The CKM matrix allows for CP violation if there are at least three generations.

Antiparticles and hadrons

Flavour quantum numbers are additive. Hence antiparticles have flavour equal in magnitude to the particle but opposite in sign. Hadrons inherit their flavour quantum number from their valence quarks: this is the basis of the classification in the quark model. The relations between the hypercharge, electric charge and other flavour quantum numbers hold for hadrons as well as quarks.

Quantum chromodynamics

(Flavour symmetry is closely related to chiral symmetry. This part of the article is best read along with the one on chirality (physics).)

Quantum chromodynamics contains six flavours of quarks. However, their masses differ. As a result, they are not strictly interchangeable with each other. Two of the flavours, called up and down, are close to having equal masses, and the theory of these two quarks possesses an approximate SU(2) symmetry. Under some circumstances one can take Nf flavours to have the same masses and obtain an effective SU(Nf) flavour symmetry.

Under some circumstances, the masses of the quarks can be neglected entirely. In that case, each flavour of quark possesses a chiral symmetry. One can then make flavour transformations independently on the left- and right-handed parts of each quark field. The flavour group is then a chiral group SU_L(N_f) imes SU_R(N_f).

If all quarks have equal mass, then this chiral symmetry is broken to the vector symmetry of the "diagonal flavour group" which applies the same transformation to both helicities of the quarks. Such a reduction of the symmetry is called explicit symmetry breaking. The amount of explicit symmetry breaking is controlled by the current quark masses in QCD.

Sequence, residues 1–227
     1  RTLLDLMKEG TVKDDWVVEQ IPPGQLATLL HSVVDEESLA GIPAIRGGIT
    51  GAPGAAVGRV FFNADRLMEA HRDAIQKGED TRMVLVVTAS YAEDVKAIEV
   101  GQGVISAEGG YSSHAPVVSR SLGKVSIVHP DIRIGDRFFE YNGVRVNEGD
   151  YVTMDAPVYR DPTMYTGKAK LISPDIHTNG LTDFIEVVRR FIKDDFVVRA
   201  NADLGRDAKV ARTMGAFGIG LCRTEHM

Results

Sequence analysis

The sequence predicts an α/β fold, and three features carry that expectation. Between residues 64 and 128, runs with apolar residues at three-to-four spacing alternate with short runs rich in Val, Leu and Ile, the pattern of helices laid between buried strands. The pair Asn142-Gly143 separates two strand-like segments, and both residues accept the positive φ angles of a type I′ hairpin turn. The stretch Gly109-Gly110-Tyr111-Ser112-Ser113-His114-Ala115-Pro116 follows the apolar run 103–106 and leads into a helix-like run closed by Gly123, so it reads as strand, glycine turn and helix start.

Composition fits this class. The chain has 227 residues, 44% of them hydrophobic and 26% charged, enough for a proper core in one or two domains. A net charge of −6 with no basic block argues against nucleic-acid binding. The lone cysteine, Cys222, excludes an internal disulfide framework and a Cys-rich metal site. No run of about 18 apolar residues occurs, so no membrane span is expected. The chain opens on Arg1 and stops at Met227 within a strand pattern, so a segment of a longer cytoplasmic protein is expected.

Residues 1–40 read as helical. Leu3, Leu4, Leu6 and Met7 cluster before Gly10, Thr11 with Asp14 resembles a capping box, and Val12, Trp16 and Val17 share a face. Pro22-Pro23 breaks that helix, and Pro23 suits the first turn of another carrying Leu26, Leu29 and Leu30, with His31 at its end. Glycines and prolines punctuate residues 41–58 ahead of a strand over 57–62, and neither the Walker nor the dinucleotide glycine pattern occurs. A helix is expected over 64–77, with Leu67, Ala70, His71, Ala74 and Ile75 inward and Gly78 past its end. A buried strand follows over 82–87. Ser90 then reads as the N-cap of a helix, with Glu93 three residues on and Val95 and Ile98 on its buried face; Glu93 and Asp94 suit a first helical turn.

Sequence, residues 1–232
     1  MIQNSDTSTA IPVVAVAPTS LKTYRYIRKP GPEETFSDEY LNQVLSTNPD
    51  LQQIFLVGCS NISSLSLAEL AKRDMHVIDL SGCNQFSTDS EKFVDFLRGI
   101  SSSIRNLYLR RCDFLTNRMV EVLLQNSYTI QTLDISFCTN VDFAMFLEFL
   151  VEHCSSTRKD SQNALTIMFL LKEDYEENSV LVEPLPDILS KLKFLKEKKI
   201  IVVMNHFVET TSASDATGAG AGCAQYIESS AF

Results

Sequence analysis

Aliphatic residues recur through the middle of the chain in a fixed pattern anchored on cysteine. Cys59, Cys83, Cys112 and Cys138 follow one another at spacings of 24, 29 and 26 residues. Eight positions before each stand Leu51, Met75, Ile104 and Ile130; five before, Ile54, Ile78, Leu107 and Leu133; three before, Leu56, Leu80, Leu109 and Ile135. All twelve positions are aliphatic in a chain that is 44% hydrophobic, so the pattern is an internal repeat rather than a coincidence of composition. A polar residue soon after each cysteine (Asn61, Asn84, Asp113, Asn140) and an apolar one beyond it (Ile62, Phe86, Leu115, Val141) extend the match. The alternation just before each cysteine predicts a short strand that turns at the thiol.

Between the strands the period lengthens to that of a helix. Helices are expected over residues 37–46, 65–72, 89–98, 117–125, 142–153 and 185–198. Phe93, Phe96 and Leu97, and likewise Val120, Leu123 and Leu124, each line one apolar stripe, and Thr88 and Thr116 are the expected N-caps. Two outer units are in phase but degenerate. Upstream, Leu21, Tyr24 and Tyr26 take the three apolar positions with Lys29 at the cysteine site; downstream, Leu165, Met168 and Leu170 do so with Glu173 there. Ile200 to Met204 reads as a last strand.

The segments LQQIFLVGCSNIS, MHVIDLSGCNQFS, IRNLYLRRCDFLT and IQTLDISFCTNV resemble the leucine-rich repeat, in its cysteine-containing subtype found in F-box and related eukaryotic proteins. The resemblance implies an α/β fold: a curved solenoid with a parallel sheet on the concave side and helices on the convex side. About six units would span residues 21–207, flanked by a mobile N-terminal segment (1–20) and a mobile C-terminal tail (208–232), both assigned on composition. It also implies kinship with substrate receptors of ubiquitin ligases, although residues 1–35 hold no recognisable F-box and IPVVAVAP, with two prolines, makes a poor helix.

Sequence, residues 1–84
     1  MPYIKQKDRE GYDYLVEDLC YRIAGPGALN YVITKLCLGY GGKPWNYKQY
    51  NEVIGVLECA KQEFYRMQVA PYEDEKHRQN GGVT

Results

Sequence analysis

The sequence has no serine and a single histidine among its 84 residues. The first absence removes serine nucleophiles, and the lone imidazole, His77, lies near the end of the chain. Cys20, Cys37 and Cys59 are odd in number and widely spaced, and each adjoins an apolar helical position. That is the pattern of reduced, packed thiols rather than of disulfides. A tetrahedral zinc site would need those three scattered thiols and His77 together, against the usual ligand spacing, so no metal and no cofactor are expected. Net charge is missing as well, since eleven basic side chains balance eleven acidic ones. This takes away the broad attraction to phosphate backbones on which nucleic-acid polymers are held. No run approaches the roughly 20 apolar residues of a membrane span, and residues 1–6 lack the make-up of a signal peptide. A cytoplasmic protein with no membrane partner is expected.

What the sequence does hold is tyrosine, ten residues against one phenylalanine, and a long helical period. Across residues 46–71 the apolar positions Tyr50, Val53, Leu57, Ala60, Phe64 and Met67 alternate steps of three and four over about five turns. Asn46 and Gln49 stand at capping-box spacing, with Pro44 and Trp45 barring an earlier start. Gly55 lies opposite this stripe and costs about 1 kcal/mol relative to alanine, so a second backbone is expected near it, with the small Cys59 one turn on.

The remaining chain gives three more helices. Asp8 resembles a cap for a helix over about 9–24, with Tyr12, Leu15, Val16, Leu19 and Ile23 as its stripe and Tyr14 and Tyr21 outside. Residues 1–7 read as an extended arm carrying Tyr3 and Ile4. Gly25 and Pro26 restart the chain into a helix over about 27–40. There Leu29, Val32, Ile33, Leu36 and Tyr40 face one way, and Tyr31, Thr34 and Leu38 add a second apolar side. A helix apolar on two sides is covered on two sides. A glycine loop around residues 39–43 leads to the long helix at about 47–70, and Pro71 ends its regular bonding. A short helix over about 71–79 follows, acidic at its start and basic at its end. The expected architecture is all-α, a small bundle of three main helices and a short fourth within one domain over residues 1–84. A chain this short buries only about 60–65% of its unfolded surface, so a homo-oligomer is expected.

Even if quarks are massless, chiral flavour symmetry can be spontaneously broken if for some reason the vacuum of the theory contains a chiral condensate (as it does in low-energy QCD). This gives rise to an effective mass for the quarks, often identified with the valence quark mass in QCD.

ymmetries of QCD

Analysis of experiments indicate that the current quark masses of the lighter flavours of quarks are much smaller than the QCD scale, ΛQCD, hence chiral flavour symmetry is a good approximation to QCD for the up, down and strange quarks. The success of chiral perturbation theory and the even more naive chiral models spring from this fact. The valence quark masses extracted from the quark model are much larger than the current quark mass. This indicates that QCD has spontaneous chiral symmetry breaking with the formation of a chiral condensate. Other phases of QCD may break the chiral flavour symmetries in other ways.

Conservation laws

Absolutely conserved flavour quantum numbers are
*the electric charge Q
*the difference of the baryon number and the lepton number: B−LAll other flavour quantum numbers are violated by the electroweak interactions. Baryon number and lepton number are separately violated in the electroweak interactions through the chiral anomaly. Strong interactions conserve all flavours.


Some of the historical events that lead to the development of flavour symmetry are discussed in the article on isospin.

ee also

*Field theoretical formulation of the standard model
*Weak interactions, flavour changing processes and CP violation
*Quantum chromodynamics, strong CP problem and chirality (physics)
*Chiral symmetry breaking and quark matter
*Quarks, leptons and hadrons.
*Quark flavour tagging is an example of particle identification in experimental particle physics.

References and external links

* [http://pdg.lbl.gov/ The particle data group.]